Over the past year, 29,646 seagoing vessels entered the port of Rotterdam, up more than 600 from 2016's 29,022.
The number of incidents in the port fell from 159 to 129, and included one ‘serious accident’ involving an inland vessel that went adrift after hitting a groyne with its rudder.
According to National Harbour Master René de Vries, the decrease in the number of minor incidents can be explained by the Port Authority’s investments in infrastructure in recent years: “Thanks to the new buoy configurations and dolphins, there were considerably fewer minor bollard-ship collisions and fewer barges went adrift due to bad weather,” he said.
Efficiency in inspections continued to increase further in 2017, according to the port. Over the past five years, the number of inspections decreased from 11,000 to approximately 8,500. For example, 2017 was the first year in which the Seaport Police and the port authority held joint inspections of pleasure craft in the port area.
There was a significant drop in the number of minor spills, although the port authority said it is still working to determine what contributed to this decrease. The total volume of spilled liquid was more or less equal to last year however. This is mainly due to a spill in the Botlek area.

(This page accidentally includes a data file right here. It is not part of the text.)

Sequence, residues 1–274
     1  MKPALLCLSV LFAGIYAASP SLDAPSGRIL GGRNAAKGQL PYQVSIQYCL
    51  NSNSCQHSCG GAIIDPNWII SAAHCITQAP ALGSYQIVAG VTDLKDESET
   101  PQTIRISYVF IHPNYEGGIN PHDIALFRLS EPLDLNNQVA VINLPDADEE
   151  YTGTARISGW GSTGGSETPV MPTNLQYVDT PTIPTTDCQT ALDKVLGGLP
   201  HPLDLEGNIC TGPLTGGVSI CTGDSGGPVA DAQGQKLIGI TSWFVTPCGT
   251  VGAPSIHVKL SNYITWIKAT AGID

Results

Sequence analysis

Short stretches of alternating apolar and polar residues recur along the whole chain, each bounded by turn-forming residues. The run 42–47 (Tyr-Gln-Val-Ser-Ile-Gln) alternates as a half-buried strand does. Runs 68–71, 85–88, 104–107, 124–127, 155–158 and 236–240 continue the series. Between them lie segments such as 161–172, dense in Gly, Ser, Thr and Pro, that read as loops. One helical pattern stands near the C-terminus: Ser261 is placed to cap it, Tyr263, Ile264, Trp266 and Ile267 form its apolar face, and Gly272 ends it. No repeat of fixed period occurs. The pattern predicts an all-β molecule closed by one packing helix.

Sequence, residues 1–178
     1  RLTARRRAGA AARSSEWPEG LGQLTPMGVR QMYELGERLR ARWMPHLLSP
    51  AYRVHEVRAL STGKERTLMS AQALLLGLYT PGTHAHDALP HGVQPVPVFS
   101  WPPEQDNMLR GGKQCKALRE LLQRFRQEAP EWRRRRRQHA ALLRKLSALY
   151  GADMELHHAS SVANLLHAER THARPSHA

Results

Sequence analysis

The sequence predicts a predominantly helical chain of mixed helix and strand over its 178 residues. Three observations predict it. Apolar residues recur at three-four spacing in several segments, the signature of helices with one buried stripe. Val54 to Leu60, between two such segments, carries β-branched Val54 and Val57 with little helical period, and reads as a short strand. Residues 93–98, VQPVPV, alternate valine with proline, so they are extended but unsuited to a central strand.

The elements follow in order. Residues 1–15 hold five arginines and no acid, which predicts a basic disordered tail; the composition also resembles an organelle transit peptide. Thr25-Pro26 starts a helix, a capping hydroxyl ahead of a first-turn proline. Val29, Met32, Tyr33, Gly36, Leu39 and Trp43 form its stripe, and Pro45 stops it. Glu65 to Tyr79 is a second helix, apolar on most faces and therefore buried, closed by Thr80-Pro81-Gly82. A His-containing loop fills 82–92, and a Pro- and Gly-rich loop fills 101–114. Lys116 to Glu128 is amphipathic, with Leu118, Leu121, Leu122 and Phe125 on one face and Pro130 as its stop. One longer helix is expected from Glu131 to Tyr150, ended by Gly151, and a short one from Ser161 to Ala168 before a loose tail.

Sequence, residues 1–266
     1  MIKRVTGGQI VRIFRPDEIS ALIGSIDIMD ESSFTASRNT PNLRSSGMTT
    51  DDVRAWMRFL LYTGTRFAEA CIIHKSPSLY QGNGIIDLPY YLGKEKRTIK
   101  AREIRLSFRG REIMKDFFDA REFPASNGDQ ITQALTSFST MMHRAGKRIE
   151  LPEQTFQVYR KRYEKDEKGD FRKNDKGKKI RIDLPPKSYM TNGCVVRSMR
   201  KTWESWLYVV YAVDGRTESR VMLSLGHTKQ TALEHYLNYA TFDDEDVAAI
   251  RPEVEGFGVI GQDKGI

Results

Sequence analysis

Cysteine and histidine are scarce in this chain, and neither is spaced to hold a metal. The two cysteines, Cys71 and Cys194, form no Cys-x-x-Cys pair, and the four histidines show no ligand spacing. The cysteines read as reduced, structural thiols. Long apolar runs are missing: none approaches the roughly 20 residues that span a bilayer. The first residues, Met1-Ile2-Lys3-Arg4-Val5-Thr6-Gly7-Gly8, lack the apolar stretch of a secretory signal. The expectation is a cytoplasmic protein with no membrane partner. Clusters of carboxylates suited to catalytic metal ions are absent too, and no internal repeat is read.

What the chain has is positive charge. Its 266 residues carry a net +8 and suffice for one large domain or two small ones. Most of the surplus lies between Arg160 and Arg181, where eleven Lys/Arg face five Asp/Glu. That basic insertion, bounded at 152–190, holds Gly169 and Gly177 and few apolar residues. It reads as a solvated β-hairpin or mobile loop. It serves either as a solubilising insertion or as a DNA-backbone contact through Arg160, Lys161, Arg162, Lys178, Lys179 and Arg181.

The past year marks the port authority’s first participation in a pilot project that focuses on autonomous shipping. The Harbour Master expects this trend to become explicitly relevant for Rotterdam in the medium term and is introducing standardisations with the port’s Traffic Guidance System to prepare it accordingly.
In 2018, the port authority will continue to participate in pilot projects that take structural advantage of autonomous shipping – and unmanned aircraft – in its own operations.
2017 saw various worldwide agreements being signed about international terminology within the shipping sector. This development is important for the PRONTO (Port Rendezvous Of Nautical and Terminal Operations) project, an online communications platform supporting ship agents and other operators. The main objective is to realize a more transparent and efficient planning of ship services, including pilotage and the use of terminal and bunker services. This results in fewer and shorter delays.
The port authority wants to encourage the transition from fuel oil to liquefied natural gas (LNG) as a transport fuel for the shipping sector. Over the past few years, the port authority has worked to prepare systems and staff for the arrival of LNG-powered vessels.
2017 saw the first LNG bunker vessel, the Cardissa, become operational in Rotterdam’s port area. The relevant legislation and regulations have been improved and updated to enable the smoother bunkering of LNG. “We expect that by 2020, LNG bunkering will be a routine operation in the port of Rotterdam,” said René de Vries.